Armed Forces News

Pearl Harbor, March 2011: The aircraft carrier USS Abraham Lincoln (CVN 72) enters Pearl Harbor for a port visit after a six-month deployment to the U.S. 5th and 7th Fleet. (Navy photo by MCS 2nd Class Arif Patani)

The Navy has identified the source of petroleum hydrocarbons that contaminated the water distribution system at Pearl Harbor Naval Station, Hawaii. Steps are underway that would restore potable drinking water at the base’s Red Hill Bulk Fuel Storage Facility well to Environmental Protection Agency (EPA) standards, the Navy said in an announcement. The action comes even though the Navy’s tests showed that the petroleum contamination was “roughly four to 10 times below” Hawaii’s health standards, according to the announcement.

The action came in response to a state order that the Navy suspend operations at Red Hill until measures are taken “to treat contaminated water … and safely remove fuel from the 20 underground storage tanks” there, according to a Hawaii health department statement. The Navy has challenged the state order.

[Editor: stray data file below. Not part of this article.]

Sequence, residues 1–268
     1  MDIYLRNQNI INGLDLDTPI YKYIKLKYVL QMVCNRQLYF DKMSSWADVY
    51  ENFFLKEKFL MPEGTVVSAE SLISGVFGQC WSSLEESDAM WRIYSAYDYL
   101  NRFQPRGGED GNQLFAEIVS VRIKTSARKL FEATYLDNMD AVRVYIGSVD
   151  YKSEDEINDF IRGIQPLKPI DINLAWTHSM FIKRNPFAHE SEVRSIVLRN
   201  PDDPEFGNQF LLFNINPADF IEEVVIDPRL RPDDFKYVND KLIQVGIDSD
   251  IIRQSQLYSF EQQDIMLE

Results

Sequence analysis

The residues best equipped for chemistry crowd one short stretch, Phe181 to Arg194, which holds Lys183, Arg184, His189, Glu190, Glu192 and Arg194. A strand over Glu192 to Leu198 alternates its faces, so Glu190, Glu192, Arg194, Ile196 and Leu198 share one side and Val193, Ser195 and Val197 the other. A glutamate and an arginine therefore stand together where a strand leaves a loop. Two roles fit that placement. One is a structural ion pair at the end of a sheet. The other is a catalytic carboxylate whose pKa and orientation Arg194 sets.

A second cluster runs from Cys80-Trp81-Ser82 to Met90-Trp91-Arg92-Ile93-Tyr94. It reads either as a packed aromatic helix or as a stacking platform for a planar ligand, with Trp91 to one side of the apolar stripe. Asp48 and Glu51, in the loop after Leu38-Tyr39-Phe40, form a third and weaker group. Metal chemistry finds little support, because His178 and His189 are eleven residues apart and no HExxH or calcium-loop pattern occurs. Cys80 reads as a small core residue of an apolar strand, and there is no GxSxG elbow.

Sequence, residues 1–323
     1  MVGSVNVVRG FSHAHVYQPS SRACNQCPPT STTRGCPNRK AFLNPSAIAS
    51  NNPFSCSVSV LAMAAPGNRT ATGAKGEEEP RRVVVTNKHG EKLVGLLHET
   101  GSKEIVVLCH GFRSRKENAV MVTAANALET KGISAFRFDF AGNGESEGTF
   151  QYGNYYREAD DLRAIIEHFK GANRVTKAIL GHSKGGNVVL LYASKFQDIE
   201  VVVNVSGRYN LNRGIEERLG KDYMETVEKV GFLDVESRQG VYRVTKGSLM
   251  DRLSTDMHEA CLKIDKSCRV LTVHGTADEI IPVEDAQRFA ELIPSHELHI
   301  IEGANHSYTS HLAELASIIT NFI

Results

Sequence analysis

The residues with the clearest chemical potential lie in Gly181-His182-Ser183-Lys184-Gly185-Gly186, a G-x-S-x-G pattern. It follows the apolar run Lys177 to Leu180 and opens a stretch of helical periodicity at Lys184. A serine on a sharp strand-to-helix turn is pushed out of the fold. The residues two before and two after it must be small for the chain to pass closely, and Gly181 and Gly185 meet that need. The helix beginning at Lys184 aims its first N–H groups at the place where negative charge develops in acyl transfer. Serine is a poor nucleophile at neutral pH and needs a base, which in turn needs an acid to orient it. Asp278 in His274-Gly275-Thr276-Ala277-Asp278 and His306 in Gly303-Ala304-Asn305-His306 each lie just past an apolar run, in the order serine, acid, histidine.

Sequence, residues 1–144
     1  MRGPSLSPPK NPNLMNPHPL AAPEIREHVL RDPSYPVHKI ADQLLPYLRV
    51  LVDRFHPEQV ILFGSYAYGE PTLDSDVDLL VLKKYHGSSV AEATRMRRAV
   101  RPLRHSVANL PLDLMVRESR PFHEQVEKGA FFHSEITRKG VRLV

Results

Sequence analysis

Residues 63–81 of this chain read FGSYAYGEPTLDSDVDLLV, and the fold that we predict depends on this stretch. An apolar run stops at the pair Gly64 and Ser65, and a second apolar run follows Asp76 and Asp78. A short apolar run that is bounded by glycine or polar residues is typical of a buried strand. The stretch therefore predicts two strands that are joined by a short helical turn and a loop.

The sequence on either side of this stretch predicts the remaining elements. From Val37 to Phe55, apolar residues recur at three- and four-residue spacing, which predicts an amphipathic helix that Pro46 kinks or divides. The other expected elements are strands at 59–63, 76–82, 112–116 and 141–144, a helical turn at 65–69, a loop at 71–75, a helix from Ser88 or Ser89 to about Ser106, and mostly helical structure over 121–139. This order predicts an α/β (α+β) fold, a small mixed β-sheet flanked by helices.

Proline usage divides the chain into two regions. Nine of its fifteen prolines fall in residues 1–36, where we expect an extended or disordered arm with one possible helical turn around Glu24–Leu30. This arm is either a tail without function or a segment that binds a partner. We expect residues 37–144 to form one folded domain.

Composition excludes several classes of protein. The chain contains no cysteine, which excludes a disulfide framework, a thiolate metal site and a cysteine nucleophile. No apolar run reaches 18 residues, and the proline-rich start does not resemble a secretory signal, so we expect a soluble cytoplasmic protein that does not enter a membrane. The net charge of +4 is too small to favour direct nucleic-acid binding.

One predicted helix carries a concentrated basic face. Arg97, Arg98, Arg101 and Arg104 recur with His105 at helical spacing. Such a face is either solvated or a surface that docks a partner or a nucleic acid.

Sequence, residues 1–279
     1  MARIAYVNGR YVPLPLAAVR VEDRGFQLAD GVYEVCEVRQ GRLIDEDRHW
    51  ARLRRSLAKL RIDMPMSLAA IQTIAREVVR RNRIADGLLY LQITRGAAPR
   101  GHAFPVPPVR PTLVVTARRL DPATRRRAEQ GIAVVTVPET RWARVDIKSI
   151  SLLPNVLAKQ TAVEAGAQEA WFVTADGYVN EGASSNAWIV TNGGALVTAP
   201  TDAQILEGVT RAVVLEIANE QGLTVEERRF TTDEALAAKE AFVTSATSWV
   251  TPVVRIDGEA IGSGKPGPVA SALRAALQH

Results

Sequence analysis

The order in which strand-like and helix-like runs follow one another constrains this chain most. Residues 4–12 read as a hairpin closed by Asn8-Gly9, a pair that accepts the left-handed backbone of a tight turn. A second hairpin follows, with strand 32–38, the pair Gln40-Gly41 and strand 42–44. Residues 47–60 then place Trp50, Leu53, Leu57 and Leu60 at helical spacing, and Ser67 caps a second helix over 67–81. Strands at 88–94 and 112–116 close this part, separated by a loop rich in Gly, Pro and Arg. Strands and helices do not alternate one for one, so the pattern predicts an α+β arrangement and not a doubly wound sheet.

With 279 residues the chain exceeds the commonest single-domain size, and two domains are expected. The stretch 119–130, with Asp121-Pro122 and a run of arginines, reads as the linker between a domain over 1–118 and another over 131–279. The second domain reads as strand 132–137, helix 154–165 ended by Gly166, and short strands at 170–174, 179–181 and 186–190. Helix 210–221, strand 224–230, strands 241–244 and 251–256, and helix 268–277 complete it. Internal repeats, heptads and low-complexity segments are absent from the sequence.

Hawaiian health officials nonetheless believe the contamination is unsafe.

“Until there is adequate evidence that the water is safe to drink, [the department of health] recommends all Navy water system users should avoid using the water for drinking, cooking, or oral hygiene,” the state’s announcement said. Hawaii officials also said that no one should use the water for bathing, washing dishes or laundry if they smell “a fuel-like odor.”

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